Vietnam vet Ken Griffith, Silver Star helicopter pilot, dies at 79
By TIM LOCKETTE | The Anniston Star, Ala. | Published: July 13, 2019
ANNISTON, Ala. (Tribune News Service) — Kenneth Griffith, who earned a Silver Star in Vietnam and retired to a quiet life of public service in Anniston, died July 5 at McGuffey Nursing Home in Gadsden, family members say. He was 79.
"He was a fascinating man and a great patriot," said his daughter, Keli Griffith.
Born in Blue Mountain, a blue-collar mill town later annexed by Anniston, Griffith was the son of a military policeman. After high school, he followed his father into the Army, training at the military police school at Fort McClellan.
But what Griffith really wanted, his daughter said, was to fly. After a few years as an enlisted soldier, he landed a slot in officer candidate school and was soon on his way to Vietnam as a helicopter pilot.
While stationed at Cu Chi, north of Saigon, Griffith piloted a damaged helicopter full of wounded soldiers back to base for a controlled crash landing. Griffith lost a leg in the crash, and returned home in 1969 as a young military retiree, still at the rank of captain.
"He wanted to go back," Keli Griffith said. "Once he received his prosthetic leg, he informed them he could fly again."
The military said no.
"They told him he'd never fly again, and he said, 'I'll show them,'" his daughter said. Griffith went on to get civilian licenses to fly both helicopters and fixed-wing aircraft.
The Cu Chi crash earned Griffith the Silver Star, an award for gallantry in combat. In earlier battles he'd picked up two Distinguished Flying Crosses. Pilots typically earn the Air Medal for flying a couple of dozen combat missions; Griffith was awarded the medal seven times, according to a funeral announcement.
Griffith caught the eye of Bill Nichols, longtime Democratic congressman who recruited him into a 1970 race for the state House of Representatives. Incumbent Ray Burgess beat Griffith by about 1,000 votes in a Democratic runoff, according to Star reports. It was considered a close margin at the time, but Griffith said he wouldn't seek a recount.
"An officer and a gentleman doesn't behave that way," Griffith told The Star in 1970.
Highly regarded in the 3rd District he represented, Nichols was "very close" to her father, and acted as his political mentor, according to Keli Griffith.
But on a crucial issue of the era, the men's views diverged. In 1971, when Army officer William Calley was convicted of war crimes at My Lai, Nichols organized a rally for the convicted officer at Anniston's federal building. Three hundred people, including mayors of local cities, showed up for the congressman's rally.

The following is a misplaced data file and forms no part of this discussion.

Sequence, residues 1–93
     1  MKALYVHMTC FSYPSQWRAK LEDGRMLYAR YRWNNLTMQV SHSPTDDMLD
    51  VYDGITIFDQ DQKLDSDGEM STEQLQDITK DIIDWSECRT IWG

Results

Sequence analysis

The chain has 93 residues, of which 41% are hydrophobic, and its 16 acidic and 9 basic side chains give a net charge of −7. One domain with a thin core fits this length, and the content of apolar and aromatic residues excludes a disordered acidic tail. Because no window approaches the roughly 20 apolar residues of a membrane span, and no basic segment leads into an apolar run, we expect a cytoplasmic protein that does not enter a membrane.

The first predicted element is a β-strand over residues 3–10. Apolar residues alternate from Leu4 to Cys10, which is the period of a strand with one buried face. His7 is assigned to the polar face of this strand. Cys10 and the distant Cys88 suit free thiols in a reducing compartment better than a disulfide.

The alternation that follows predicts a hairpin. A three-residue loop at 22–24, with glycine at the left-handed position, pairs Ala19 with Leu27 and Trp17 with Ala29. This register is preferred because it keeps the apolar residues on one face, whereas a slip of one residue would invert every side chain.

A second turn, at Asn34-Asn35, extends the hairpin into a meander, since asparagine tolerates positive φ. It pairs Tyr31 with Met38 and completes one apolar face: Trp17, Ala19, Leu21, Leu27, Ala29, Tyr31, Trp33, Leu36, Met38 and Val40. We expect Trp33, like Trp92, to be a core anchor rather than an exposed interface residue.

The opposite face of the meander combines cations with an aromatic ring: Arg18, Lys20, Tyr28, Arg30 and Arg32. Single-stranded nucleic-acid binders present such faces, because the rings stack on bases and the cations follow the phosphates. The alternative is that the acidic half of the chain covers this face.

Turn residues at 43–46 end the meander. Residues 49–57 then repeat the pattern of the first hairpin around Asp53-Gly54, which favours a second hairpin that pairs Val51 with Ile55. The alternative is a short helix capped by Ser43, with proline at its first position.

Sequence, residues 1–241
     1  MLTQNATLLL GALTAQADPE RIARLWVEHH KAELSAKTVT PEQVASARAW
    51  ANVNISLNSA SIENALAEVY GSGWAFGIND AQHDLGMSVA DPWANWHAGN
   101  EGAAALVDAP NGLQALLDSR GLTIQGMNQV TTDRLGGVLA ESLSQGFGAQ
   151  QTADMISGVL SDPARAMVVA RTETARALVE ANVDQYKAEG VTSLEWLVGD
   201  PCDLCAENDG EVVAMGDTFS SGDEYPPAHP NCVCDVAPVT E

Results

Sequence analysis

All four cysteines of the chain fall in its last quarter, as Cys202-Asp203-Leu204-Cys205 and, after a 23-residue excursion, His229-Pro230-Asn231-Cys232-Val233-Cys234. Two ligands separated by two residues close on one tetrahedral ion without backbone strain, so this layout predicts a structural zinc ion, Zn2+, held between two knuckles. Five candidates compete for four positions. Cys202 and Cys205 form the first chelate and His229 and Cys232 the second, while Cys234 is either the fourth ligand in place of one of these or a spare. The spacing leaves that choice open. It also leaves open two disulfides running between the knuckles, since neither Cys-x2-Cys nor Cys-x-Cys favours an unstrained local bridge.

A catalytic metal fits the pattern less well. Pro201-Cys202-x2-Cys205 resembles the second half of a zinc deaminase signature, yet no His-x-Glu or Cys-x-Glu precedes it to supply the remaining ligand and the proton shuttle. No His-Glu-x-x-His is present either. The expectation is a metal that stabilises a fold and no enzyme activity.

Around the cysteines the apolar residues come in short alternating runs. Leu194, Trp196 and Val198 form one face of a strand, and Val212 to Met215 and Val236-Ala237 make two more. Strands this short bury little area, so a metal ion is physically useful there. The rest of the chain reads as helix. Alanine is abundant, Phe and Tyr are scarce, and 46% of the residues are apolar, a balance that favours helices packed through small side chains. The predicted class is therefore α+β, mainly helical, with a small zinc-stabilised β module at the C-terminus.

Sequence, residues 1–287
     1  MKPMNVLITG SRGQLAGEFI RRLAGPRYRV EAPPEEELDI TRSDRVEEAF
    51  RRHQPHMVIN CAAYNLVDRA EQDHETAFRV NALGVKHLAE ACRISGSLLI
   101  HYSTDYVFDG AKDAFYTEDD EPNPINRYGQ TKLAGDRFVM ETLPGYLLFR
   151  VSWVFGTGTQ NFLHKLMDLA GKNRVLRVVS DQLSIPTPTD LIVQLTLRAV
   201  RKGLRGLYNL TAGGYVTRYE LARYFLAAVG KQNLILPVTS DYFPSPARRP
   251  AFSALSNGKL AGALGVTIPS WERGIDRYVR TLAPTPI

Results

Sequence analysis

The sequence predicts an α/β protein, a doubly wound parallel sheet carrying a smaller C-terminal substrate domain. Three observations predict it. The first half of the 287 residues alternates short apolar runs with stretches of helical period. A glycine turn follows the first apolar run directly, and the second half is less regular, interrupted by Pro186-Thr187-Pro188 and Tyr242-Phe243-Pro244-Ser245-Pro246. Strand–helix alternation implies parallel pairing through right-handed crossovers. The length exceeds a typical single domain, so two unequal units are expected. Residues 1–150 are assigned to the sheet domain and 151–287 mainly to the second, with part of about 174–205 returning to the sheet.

Griffith, pointedly, wasn't among them.
"If we had said, 'Buddy, you're fighting for America, you can't do any wrong,' we'd be just like Nazi Germany," Griffith told The Star in 1971.
Griffith's own daughter, then 13 years old, was handed a petition in Calley's favor at school. She signed it.
"In my mind, he (Calley) was a Vietnam veteran," Keli Griffith said. "I came home and I told my father, thinking he'd be proud of me, and I got a lecture that what he'd done was horrendous."
Griffith got no backlash for his stance on Calley, his daughter said, largely because of his military reputation.
"For the first couple of years, there were people who'd come up to me and say, 'Your dad's a war hero,' but that faded," Keli Griffith said. "But he's a down-to-earth person. He didn't talk about it."
By 1988, when Griffith ran for probate judge, news stories noted he was "decorated for valor," but those references came low in the story. Griffith, now a Republican, told reporters he was seeking the office to supplement his military retirement. He lost the primary, again by a thin margin.
"He said, 'I'm done with public life. Let's stay home and have a life with the family,'" his daughter said.
Griffith didn't actually stay home. He was active in the Masons and at Golden Springs Baptist Church, and coached youth league sports, his daughter said, where kids often knew him as "Cap" or "the Captain." He found ways to stay in the game despite working with a prosthetic leg, Keli Griffith said.
"He taught us tennis," she said. "He knew how to throw that leg around so he could shoot across the court."
Griffith and his wife, Sandra, lived in Anniston, his daughter said, though he spent his last days in the Gadsden nursing home due to Alzhemer's disease.
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